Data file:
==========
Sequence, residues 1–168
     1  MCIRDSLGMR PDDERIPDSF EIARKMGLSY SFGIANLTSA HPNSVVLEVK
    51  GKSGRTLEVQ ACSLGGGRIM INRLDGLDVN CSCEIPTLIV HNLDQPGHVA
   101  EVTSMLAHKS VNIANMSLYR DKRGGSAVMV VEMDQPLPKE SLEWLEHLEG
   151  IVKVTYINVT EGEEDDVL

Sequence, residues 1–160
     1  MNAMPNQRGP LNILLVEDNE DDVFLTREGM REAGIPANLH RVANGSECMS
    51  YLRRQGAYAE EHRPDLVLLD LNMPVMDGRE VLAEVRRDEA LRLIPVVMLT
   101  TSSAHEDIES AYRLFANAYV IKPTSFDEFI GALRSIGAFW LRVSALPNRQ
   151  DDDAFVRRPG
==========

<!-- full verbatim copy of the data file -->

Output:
Sequence, residues 1–168
     1  MCIRDSLGMR PDDERIPDSF EIARKMGLSY SFGIANLTSA HPNSVVLEVK
    51  GKSGRTLEVQ ACSLGGGRIM INRLDGLDVN CSCEIPTLIV HNLDQPGHVA
   101  EVTSMLAHKS VNIANMSLYR DKRGGSAVMV VEMDQPLPKE SLEWLEHLEG
   151  IVKVTYINVT EGEEDDVL

Sequence, residues 1–160
     1  MNAMPNQRGP LNILLVEDNE DDVFLTREGM REAGIPANLH RVANGSECMS
    51  YLRRQGAYAE EHRPDLVLLD LNMPVMDGRE VLAEVRRDEA LRLIPVVMLT
   101  TSSAHEDIES AYRLFANAYV IKPTSFDEFI GALRSIGAFW LRVSALPNRQ
   151  DDDAFVRRPG